The Future of K-12 Education with Grant Lichtman

Internationally recognized thought leader in K-12 education Grant Lichtman visited campus for the day to share his insights into today’s evolving K-12 landscape, addressing how parents and educators can support our students through change and innovation to best prepare for the future.
After an introduction by Head of School Danielle Heard, Grant described his professional journey from marine geologist to educational consultant and author. He gradually became aware that many schools are falling behind in terms of addressing the massive shifts in technology and organizational change in our society, and he set out to understand the challenges they face. As part of his work, he visited more than 175 schools to explore the existential questions facing schools today—why should we change; what will that change look like; how will we change; and are our schools on a trajectory to intersect with a future that is vastly less knowable than it ever has been in the past?

Grant shared a graph showing a steep rate of technological change in our society, overlaid with a much less steep curve that is human adaptability, indicating that technology is changing faster than humans’ paces of learning. He notes that educators are striving and struggling to manage this gap. With the world’s body of knowledge doubling every year, educators must make tough choices about curriculum: what must be excluded to make room for the new?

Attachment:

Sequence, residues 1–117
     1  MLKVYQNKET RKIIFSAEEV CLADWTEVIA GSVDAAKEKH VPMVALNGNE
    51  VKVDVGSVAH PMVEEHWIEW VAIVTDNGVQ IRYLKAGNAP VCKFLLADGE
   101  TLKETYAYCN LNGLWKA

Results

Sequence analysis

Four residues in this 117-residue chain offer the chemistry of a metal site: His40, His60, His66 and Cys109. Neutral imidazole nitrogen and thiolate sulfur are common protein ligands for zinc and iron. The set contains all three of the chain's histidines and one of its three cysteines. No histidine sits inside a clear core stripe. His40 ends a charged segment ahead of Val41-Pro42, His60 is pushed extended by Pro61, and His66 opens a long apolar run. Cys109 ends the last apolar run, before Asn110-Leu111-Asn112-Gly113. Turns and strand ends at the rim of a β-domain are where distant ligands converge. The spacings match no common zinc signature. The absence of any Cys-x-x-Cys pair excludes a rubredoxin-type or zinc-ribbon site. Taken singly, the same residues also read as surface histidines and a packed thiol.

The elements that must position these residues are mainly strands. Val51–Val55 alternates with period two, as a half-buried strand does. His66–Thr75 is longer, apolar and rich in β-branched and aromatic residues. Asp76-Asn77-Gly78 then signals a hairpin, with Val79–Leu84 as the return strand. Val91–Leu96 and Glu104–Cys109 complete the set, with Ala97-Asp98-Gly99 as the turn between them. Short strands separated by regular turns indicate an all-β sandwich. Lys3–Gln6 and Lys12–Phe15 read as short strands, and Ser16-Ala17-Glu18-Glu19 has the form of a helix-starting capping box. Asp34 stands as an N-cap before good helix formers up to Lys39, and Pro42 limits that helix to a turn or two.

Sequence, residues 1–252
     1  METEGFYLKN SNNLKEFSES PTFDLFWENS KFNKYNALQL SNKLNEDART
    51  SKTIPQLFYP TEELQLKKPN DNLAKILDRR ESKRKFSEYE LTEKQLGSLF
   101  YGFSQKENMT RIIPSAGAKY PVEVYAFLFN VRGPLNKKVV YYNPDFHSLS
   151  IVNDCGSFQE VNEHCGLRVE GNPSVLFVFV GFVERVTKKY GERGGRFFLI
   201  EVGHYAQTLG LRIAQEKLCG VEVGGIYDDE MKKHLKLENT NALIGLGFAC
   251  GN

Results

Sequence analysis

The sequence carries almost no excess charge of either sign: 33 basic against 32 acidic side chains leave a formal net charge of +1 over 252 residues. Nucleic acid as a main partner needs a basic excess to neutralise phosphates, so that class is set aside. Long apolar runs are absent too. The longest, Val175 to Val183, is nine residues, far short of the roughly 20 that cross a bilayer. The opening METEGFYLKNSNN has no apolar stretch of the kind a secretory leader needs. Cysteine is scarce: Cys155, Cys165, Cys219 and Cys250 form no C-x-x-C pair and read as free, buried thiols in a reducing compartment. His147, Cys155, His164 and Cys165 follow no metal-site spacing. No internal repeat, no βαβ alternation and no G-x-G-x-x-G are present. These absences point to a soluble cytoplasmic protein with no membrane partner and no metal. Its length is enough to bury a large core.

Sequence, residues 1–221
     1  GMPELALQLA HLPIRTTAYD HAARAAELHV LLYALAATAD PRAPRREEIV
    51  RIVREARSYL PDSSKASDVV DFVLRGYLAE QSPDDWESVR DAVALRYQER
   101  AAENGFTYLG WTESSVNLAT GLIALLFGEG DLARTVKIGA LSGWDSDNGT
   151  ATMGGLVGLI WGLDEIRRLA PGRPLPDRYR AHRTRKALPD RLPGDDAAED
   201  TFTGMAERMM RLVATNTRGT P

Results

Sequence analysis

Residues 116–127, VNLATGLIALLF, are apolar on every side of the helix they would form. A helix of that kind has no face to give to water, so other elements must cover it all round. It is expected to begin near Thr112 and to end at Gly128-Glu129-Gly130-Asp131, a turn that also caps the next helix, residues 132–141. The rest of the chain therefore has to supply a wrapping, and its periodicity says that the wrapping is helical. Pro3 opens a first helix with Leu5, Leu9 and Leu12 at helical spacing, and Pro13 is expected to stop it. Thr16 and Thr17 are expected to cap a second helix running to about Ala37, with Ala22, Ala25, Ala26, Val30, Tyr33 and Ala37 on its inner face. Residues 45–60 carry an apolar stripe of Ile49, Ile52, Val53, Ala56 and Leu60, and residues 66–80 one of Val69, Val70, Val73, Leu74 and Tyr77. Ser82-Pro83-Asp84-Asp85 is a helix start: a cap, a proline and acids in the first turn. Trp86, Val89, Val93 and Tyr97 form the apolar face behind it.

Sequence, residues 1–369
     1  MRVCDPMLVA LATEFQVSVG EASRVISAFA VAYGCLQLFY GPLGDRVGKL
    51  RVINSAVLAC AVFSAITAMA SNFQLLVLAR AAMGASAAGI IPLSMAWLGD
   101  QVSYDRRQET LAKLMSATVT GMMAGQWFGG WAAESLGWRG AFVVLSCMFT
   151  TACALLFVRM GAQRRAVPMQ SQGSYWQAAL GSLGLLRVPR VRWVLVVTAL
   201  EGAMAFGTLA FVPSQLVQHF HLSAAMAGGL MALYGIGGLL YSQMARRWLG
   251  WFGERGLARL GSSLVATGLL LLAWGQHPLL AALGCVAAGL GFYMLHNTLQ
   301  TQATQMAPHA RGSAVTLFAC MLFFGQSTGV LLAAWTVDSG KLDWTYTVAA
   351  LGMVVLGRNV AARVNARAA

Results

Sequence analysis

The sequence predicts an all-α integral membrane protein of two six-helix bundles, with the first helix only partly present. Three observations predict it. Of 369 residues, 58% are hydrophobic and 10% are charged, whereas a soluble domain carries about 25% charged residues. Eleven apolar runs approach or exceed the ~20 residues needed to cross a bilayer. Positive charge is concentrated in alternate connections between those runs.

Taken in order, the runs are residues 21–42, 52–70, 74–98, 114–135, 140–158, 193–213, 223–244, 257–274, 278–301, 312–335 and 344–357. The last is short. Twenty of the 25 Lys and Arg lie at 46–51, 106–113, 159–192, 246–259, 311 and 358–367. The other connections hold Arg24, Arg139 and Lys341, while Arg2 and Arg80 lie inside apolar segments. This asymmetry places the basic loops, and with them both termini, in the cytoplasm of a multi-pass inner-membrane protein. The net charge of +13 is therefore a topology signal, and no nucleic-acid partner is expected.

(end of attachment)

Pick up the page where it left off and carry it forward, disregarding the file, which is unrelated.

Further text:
Innovative schools are making adjustments that are helping them weather these shifts. There is a change from “what we teach” to “how we learn” with increased student engagement, increased curiosity, and a more student-centered approach. Innovative schools teach content and skills, recognize that relevance increases student engagement, strive to promote intrinsic versus extrinsic motivation, and stress mastery over grades. Innovative schools encourage creativity, risk-taking, and openness to learning in the world beyond the classroom walls. These schools are flexible with variables like age, time, learning spaces, and student interests, while integrating technologies such as virtual reality to support “relationship-rich” learning processes.

The audience was deeply engaged in the ensuing discussion around the role of parents in supporting their children during this time of change and what happens when there is a lag effect between what educators know is beneficial for children and what parents shopping for a school for their children think they want.

We thank Grant Lichtman for his insights and his work with our entire community.

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Nashoba Brooks School is a coed Lower School from Preschool to Grade 3 and an all-girls Middle School from Grades 4 to 8 located in Concord, Massachussetts.